Not My Shot

Frankie had brought along his own camera, a digital number with a gigantic lens. Since he had graduated from art school with a degree in photography, my brother was struggling to find a career in making pictures. Social documentary, he liked to say.

He snapped a few photographs of the frozen man until he saw Ortiz go to work. Frankie frowned, backed away and deleted his pictures. “Not my shot,” he told me later, after the publication of the frozen man story caused an international sensation. “What was I going to do with the picture?” Franke explained. “Hang it on my wall? Please.”

From Detroit – An American Autopsy by Charlie LeDuff


I’ve been feeling Frankie lately.

The imposterness has been creeping in.

Going places where maybe the camera shouldn’t be.

It used to be that I’d worry about my camera at festivals because that is where people get drunk and spill beer all over expensive things. Now I see other photographers at work with cameras that cost more than my car and Media credentials hanging from their neck. These are the ones who are working. The ones who have built up a body of work worthy of media credentials. They are the respectable photographers grabbing content for all the people who aren’t here.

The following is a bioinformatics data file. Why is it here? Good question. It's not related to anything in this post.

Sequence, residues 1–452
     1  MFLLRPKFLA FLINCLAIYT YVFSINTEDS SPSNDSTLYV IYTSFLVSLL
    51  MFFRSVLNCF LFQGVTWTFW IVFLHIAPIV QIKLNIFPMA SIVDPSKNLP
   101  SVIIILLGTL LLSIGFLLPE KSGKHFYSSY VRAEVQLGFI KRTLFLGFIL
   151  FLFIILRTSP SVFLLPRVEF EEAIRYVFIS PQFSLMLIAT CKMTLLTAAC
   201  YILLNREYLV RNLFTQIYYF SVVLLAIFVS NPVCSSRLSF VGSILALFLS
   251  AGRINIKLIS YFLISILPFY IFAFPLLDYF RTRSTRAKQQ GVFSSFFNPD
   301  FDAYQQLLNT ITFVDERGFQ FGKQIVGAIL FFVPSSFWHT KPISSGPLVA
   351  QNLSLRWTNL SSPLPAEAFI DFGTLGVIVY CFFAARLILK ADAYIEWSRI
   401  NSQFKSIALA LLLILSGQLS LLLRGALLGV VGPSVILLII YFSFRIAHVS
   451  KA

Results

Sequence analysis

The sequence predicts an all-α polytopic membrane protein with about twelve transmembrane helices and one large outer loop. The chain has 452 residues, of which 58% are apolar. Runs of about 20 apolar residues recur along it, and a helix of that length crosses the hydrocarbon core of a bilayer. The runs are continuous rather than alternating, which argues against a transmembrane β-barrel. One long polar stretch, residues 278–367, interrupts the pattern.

Me? I just want to have a little something for myself. That modern quandary – are we here to be here, or are we here to produce content for some undescribed audience? Will I remember this better if I take it in through a camera? Is all of that research correct? Do people care about photos they are not inside of?

If this is a problem, there are some odd ways of going about it. Spaces that are created just to facilitate user generated content. Places designed to be worthy of an Instagram. Engineered for more likes, more followers, to be in tune with more hashtags.

All I want is my camera. Why do I feel so bad about it?

And, frankly, what is keeping me from applying for my own credentials? And should i get them, where would those photographs go? On my wall?



I publish daily. Don’t miss a thing by subscribing to Words & Images – The Digital Dispatch. It ships Thursdays and will always be free and awesome.

David Pennington
David Pennington

Writing would be great if it weren't the only thing I knew how to do. I publish as much as I can, you'll just have to wait for the rest.  

Analog Food

Barolo is the kind of place you eat at if the architecture of early 90s fine dining appeal to you, but that doesn’t mean the food is any less appealing. Classic Italian with a modern twist. For two weeks a year the entire restaurant shuts down, and the staff travels
Read More
%d bloggers like this: